Thanks to a special one-day legislative session earlier this week, Utah has two income taxes. Starting next year, wealthier Utahns will be able to choose between the current graduated-rate tax system (with a top rate of 6.98 percent) ;and a new broader-based tax levied at a lower flat rate of 5.35 percent. ITEP estimates that only 3 percent of the wealthiest Utahns will benefit from the flat-tax alternative, and that the wealthiest 1 percent of Utahns will see more than 75% of the benefit from the flat tax.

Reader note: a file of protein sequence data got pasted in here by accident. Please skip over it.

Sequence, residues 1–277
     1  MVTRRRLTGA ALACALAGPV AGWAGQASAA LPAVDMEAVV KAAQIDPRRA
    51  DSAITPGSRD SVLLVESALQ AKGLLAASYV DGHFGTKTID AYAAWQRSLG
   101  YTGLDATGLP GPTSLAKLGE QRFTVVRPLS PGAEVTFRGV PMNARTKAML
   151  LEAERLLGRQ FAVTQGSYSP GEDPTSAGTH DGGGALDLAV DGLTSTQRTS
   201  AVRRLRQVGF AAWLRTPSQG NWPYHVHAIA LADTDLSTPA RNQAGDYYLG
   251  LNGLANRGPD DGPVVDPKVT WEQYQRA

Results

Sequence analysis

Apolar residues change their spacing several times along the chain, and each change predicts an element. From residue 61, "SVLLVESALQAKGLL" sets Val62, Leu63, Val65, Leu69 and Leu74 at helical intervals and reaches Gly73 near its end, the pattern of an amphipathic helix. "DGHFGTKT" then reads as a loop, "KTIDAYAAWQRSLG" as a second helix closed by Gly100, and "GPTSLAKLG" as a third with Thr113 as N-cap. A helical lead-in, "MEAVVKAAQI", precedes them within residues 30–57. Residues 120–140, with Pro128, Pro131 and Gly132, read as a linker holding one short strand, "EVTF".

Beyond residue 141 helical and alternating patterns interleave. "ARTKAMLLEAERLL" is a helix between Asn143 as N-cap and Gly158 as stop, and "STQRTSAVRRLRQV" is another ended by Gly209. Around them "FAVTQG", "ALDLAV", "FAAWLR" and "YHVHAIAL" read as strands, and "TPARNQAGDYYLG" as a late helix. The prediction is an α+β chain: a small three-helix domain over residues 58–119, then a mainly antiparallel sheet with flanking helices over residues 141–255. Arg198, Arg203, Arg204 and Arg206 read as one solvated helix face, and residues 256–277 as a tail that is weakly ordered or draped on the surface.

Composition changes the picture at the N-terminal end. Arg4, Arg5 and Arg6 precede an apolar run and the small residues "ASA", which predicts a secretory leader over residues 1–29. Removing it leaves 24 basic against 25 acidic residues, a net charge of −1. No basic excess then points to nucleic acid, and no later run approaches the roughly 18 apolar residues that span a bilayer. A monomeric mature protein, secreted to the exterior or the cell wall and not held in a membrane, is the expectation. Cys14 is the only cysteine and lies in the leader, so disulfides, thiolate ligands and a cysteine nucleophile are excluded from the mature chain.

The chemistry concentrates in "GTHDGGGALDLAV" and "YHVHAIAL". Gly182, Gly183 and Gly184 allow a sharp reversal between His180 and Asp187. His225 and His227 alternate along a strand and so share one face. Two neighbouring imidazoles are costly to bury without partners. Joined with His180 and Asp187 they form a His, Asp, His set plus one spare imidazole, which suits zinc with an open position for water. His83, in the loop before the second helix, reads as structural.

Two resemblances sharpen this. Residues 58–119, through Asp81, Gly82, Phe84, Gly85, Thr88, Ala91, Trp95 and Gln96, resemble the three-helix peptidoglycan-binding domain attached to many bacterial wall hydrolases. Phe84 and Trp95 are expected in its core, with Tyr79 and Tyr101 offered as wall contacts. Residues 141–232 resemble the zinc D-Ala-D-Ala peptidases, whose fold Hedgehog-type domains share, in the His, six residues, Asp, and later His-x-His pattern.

Taken on its own, the flat-tax alternative has its good points: it has virtually no exemptions, deductions or credits, which makes it a lot easier to calculate than the current tax. But the high rate on the flat tax ;makes it a losing proposition for virtually all low- and middle-income Utahns, which is why the legislation allows Utah families to choose which tax system they'd like to use. The legislative leadership's ;goal of enacting tax reform with ;"no losers" made the pick-your-own system the logical choice from a political perspective. The result? 97% of Utahns will pay taxes under the same old complicated income tax rules they've always had - and many of them will probably end up calculating their taxes under both systems to see if they'd benefit from the flat tax. Call it a tax cut - but don't call it tax reform.